Magazine article The CPA Journal

Interpreting 'Legally Permissible' in Applying Fair Value Guidelines

Magazine article The CPA Journal

Interpreting 'Legally Permissible' in Applying Fair Value Guidelines

Article excerpt

When issued, FASB Statement of Financial Accounting Standards (SFAS) 157, Fair Value Measurements (now largely captured in Accounting Standards Codification [ASC] Topic 820), sought to bring a consistent definition and framework to the deployment of fair value measurements in accounting. It is expected that the fair value frontier will continue to push outward and eventually encompass more than just financial assets and liabilities. Already, such is the case for allocating purchase price among all the assets and liabilities acquired in a business acquisition transaction. Similar issues arise in testing for impairment.

As with any sweeping rule change, a new realm of technical questions and problems can be expected. Clearly, FASB was thoughtful of the imprecision and subjective nature inherent in fair value assessments. Thus, FASB sought to provide considerable guidance, such as in providing a fair value hierarchy with three alternative levels of asset valuation (e.g., values based upon quoted prices in active markets). Further, great care was taken to provide exceedingly precise definitions. For instance, ASC 820-10-35-10 provides specific guidance on the application of fair value measurement to assets:

A fair value measurement assumes the highest and best use of the asset by market participants, considering the use of the asset that is physically possible, legally permissible, and financially feasible at the measurement date. Highest and best use is determined based on the use of the asset by market participants, even if the intended use of the asset by the reporting entity is different.

Precision has its own trappings, however, and care is needed to apply proper judgment in application of the standard. In particular, this article will focus on the meaning of "legally permissible" within this specific definition.

Case Study in Real Estate Valuation

Freeway Properties holds a large parcel of undeveloped land. The property is currently used as a hay meadow and is subject to a very nominal ad valorem tax because of agricultural exemption provisions. This parcel abuts a major interstate highway and is within the city limits of a large city named Mega. The property was incorporated (annexed) into the city limits of Mega several years earlier. As is the custom, Mega designated the land as agricultural zoning at the time of its annexation. Other properties in the area are now frequently being rezoned and developed for commercial retail and warehouse usage, consistent with Mega' s master plan for this highway corridor. Nevertheless, Freeway Properties is not yet ready to develop its tract, and prefers to maintain the agricultural zoning and tax status. There is no assurance that the property could be rezoned, but it seems likely than such a request would be approved.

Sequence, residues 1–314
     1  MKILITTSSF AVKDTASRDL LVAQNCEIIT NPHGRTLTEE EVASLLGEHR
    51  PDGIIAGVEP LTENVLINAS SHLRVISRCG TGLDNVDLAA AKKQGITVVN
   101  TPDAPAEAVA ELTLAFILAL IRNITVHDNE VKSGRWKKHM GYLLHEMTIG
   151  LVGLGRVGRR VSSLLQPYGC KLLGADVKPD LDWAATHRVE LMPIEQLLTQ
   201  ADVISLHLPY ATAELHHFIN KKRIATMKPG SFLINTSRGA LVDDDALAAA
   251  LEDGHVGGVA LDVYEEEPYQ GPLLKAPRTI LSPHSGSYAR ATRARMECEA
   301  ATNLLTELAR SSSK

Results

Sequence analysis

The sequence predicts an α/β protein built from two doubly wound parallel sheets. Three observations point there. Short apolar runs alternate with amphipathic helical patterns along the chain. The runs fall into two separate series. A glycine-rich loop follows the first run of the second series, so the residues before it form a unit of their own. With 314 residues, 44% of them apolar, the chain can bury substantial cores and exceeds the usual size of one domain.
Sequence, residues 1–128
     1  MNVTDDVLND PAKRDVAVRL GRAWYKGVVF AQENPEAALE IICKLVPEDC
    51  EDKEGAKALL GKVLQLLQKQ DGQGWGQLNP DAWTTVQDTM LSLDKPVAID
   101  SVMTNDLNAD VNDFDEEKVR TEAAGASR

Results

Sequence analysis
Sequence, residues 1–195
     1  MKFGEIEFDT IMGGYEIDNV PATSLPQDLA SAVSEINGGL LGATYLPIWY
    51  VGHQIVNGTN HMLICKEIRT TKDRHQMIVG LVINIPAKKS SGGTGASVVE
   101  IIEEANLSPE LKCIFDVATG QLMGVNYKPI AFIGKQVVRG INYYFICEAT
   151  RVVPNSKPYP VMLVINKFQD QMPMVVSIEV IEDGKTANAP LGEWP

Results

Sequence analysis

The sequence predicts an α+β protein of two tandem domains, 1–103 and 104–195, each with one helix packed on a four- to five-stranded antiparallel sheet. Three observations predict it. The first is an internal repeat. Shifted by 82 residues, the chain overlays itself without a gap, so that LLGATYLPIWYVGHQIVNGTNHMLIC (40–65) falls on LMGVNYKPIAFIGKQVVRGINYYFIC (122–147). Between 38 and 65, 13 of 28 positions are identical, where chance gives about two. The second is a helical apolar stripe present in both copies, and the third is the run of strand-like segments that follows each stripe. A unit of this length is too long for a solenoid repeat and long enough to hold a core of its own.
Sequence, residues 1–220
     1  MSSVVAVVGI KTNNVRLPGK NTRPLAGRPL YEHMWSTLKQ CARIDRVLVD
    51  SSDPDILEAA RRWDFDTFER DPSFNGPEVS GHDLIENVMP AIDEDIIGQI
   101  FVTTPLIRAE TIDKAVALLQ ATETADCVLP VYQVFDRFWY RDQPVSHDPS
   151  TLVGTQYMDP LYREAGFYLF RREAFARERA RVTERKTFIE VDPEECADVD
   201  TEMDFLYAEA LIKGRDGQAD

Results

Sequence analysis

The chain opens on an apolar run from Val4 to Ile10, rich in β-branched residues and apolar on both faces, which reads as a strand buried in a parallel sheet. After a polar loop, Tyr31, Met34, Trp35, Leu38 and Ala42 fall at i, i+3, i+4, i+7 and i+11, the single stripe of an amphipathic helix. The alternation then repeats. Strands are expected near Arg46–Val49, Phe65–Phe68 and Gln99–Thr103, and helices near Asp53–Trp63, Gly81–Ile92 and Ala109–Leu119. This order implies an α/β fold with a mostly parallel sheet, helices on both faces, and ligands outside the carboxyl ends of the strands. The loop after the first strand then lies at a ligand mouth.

Freeway Properties is being acquired by Ownallco Investments, and a question has arisen about the fair value allocation process. Specifically, should the undeveloped tract of land be valued by Ownallco based upon its agricultural zoning, or should the value attached to the land be based upon its much higher commercial potential? Any amount not assigned to the land will, instead, be assigned to goodwill.

Evaluating Applicable GAAP

Revisiting the previous definition, it seems clear enough that the land must be accounting-valued based upon its agricultural usage. Agriculture is the only legally permissible use. On its face, this answer seems quite clear and unambiguous.

However, this reading is widely inconsistent with the "highest and best use" principles that are intrinsic and explicit throughout the fair value standards. Highest and best use means the use of an asset by market participants that would maximize the value of the asset. A market participant would not acquire the land for agricultural purposes but would base its value on the likelihood of successful rezoning.

The measurement process to assess highest and best use to a typical market participant is necessarily tied to a comprehensive assessment of alternative uses for a property, which in turn may drive which specific valuation techniques are most appropriate. …

Search by... Author
Show... All Results Primary Sources Peer-reviewed


An unknown error has occurred. Please click the button below to reload the page. If the problem persists, please try again in a little while.